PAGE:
Day 16



Today, I started with a warm-up to research an artist's life.  The artist suggested was Frida Kahlo, which suited me fine.  I'm not a Frida Kahlo fanatic, but I do like her work.  Anyway, I discovered that the movie pretty much told it like it was.  There were a few things in there that I didn't believe, like that she had an affair with Trotsky.  Well, at least according to Wikipedia (how academically rigorous, I know) it's all true.  She really was bisexual and her husband, Diego Rivera, really did have an affair with her sister.  She wore long skirts because she had polio when she was a child and it deformed one of her legs.  The bus accident she experienced as a teenager caused her pain throughout her life and she was frequently bedridden because of it.  She became an artist after the accident (she was self-taught) and painted until her death, at age 47.

I listened to the next part of the roundtable discussion that I have been listening to lately.  It was a response to audience questions, and there wasn't too much pertaining to fiber art, but more to do with traveling.  They had some real horror stories about some of their travels!  But there were a few important nuggets to learn, such as that unprocessed fiber isn't allowed through customs in the United States (good to know, in case I visit some sheep farms) and that there are in the world warehouses full of exquisite embroidered and woven textiles that get cut up for use in patchwork that is sold to westerners.  Also, there was a plea for people to buy fewer clothes and make sure the clothes that they do buy are fair trade and, if cotton, organic, and made of natural fibers, because there is such waste in the world of textiles.  This jives with my own thoughts about how people treat clothing.  Some people throw clothing out.  Did you know it can be reused, even if it's not wearable anymore? Old clothes are used for rags, new garments, patchwork, quilting, and rugmaking.  Often clothing can be saved with a patch or some darning or a good stain remover.  So think about that next time you are tempted to throw clothing away!

I drew a vase.  Not much to say about it.  My drawing was a little better than last time.  I wonder how much of that is because of the practice of the last one and how much it was because my ceramic was matte instead of shiny.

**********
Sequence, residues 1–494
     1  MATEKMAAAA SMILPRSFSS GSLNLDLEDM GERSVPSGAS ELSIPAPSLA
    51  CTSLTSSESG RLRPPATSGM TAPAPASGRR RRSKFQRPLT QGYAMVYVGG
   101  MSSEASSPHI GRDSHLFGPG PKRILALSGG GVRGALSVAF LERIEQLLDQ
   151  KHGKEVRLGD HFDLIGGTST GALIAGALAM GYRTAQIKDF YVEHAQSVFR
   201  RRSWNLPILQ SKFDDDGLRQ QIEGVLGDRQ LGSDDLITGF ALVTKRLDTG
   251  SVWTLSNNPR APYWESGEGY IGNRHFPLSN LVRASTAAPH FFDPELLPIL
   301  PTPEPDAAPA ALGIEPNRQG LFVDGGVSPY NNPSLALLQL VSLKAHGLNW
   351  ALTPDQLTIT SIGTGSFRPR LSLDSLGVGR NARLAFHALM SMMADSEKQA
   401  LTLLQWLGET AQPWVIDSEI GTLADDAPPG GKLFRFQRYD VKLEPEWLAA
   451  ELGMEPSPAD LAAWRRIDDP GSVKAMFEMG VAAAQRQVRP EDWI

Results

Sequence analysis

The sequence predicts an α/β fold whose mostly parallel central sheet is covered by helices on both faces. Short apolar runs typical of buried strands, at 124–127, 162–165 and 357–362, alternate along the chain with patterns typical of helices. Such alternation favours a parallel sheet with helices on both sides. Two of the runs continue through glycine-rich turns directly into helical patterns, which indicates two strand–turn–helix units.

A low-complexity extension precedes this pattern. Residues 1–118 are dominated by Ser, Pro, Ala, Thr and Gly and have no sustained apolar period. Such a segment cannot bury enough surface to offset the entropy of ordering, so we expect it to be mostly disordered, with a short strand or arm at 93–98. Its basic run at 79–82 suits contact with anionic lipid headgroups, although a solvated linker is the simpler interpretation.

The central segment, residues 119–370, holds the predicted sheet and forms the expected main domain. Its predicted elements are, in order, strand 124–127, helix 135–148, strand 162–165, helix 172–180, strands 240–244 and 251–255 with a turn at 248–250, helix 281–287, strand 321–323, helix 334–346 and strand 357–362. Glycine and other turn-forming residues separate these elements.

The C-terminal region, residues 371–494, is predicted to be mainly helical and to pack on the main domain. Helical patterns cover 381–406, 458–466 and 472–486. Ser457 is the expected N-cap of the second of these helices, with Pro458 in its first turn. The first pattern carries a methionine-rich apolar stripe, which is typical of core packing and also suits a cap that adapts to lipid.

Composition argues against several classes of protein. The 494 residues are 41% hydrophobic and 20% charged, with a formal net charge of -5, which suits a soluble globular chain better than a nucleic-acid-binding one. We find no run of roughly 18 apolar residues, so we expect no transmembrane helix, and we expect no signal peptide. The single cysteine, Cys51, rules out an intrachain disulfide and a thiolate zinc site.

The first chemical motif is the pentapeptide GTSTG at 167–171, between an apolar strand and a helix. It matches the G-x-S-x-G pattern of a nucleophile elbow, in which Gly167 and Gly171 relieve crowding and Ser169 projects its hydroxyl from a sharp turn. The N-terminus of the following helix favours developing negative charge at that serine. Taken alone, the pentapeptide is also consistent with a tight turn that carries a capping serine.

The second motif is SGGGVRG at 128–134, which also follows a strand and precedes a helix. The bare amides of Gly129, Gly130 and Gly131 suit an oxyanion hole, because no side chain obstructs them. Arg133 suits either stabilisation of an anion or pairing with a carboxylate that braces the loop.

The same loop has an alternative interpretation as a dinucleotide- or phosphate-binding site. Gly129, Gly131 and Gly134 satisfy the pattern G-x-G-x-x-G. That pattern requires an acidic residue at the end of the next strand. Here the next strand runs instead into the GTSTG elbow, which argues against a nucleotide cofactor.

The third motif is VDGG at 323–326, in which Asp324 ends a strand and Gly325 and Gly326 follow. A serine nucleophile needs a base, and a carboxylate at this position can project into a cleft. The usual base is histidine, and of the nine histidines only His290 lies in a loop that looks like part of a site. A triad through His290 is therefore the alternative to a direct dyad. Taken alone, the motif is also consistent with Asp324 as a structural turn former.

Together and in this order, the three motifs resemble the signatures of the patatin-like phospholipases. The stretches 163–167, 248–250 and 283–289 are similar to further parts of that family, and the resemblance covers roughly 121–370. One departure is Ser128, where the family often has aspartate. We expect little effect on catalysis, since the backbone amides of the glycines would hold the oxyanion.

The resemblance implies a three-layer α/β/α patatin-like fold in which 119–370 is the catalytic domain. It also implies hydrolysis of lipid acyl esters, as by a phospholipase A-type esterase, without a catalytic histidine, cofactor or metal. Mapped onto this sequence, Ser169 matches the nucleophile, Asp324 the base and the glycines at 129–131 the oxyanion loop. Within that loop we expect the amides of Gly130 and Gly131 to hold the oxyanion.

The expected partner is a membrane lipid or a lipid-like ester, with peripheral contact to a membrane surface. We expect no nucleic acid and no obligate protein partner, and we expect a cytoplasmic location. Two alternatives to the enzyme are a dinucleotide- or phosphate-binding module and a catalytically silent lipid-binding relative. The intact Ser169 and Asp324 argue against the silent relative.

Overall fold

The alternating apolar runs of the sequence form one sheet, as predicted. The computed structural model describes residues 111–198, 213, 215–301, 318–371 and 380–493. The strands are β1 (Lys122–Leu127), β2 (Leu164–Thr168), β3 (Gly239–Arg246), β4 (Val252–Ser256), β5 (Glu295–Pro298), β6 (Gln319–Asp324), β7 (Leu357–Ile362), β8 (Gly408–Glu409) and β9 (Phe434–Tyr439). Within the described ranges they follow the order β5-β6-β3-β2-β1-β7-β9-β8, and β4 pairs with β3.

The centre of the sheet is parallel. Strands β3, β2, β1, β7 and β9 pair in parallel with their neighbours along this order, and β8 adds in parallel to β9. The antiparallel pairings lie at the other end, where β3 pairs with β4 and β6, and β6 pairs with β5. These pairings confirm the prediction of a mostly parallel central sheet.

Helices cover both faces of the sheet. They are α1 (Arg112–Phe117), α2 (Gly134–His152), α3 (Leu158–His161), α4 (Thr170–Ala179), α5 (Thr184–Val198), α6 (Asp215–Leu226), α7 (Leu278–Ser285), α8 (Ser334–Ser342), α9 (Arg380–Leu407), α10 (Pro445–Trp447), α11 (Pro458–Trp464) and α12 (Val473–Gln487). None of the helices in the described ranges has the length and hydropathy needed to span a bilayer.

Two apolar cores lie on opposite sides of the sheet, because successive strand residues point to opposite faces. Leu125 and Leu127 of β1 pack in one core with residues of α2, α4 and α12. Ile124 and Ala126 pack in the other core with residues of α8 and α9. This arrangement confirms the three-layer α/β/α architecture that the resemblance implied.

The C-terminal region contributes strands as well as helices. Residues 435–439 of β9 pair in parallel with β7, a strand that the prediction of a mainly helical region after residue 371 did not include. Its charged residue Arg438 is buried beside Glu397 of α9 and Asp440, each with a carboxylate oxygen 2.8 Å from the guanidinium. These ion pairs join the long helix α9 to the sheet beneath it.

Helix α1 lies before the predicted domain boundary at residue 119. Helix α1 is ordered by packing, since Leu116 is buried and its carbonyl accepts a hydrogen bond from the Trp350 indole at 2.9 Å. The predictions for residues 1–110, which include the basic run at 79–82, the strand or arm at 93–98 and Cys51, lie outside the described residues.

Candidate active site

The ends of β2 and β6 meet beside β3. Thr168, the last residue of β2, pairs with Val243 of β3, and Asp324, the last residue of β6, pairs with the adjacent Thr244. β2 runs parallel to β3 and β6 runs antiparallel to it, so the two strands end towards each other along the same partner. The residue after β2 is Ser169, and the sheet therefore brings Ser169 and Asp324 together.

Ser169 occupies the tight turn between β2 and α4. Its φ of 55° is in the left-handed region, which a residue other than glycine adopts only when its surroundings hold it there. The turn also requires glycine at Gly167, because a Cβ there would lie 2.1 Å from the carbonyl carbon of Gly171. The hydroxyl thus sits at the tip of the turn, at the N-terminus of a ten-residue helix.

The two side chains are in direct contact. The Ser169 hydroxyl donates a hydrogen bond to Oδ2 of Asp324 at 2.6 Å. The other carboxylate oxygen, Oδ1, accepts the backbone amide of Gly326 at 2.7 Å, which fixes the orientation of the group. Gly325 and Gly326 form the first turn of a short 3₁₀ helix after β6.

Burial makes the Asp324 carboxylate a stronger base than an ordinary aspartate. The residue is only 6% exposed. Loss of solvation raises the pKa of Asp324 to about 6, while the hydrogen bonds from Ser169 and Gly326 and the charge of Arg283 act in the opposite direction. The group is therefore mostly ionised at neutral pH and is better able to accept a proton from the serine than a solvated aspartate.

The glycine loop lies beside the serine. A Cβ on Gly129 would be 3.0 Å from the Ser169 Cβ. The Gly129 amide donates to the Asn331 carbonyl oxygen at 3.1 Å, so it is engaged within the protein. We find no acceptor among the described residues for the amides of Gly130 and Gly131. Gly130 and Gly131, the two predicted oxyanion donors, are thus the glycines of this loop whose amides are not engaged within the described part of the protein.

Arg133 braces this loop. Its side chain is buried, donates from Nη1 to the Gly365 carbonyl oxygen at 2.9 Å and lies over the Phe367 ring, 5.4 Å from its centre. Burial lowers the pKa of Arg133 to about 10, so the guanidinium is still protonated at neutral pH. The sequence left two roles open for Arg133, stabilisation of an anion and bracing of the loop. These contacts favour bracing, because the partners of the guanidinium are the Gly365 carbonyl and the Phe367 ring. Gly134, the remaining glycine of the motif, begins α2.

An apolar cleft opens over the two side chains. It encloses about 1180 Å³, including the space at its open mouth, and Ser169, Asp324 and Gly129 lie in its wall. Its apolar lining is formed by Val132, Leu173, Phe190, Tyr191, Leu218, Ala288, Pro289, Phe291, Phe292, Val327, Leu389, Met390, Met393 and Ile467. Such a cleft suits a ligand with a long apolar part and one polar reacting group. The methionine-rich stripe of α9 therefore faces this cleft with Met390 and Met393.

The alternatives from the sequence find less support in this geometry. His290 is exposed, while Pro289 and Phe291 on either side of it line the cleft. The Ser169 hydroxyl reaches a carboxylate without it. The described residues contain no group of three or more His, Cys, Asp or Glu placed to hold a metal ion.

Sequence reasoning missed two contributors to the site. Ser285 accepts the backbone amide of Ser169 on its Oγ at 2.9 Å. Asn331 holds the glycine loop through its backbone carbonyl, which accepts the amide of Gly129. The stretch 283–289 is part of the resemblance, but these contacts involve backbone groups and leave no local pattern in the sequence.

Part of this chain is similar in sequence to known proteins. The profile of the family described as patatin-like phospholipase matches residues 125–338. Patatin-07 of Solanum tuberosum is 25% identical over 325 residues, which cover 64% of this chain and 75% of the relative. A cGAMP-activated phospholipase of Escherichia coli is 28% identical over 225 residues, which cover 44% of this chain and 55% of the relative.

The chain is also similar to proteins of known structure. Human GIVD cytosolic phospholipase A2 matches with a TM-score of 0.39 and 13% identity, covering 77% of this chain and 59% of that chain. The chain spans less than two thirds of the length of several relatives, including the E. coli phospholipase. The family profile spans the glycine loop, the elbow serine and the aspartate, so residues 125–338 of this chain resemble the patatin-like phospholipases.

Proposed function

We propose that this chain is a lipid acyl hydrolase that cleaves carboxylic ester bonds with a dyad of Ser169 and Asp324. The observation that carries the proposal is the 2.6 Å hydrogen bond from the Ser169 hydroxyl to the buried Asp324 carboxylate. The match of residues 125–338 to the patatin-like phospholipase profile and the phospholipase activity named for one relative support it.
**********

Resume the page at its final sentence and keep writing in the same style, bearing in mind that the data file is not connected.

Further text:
My vase sides are getting more even.  Those of you who do not draw or paint, you don't know how difficult it is to get even sides on vases and bottles.  Even arches are difficult.  Usually they come out lopsided.  This one is considerably less lopsided than my usual vase drawings, so I am happy about that.

Yesterday, I washed out all my cloths.  I discovered a new technique to getting the dye out without bending over it for an hour: let it soak in several changes of hot water, for about half an hour or so at a time.  It worked wonderfully and I was a lot less cranky than I usually am with the process.  Today I ironed them and added a glue resist to most of them.  I am working on a sample for my brother and sister-in-law as well as some bookmarks.  I prepared some more bookmarks for dyeing, but I didn't have enough to bother with making up some dye today.  You have to use all the dye in the same session that you make it, or it won't work, so it's not worth it unless you are actually going to use it all.  I would only need about a quarter of a recipe, which is too fiddly to bother with.  When the resists are dry on the rest of them I will dye them all together.
First-batch dyed cloth with school glue resists setting. The two blue ones in the corner have already had glue resists washed out of them.
Close-up on bookmarks. From left to right, they have been tie dyed (first two), pleated, pole wrapped, pleated (next two) and pole wrapped again.
Sample and two more bookmarks. From left to right, pole wrapped, pleated, and pole wrapped again.
I also designed this stamp to block print with.  I modeled it on an oak leaf.
Sketch for the stamp. Oak leaves are pretty easy to draw, at least they are if you are doing a contour drawing like this.


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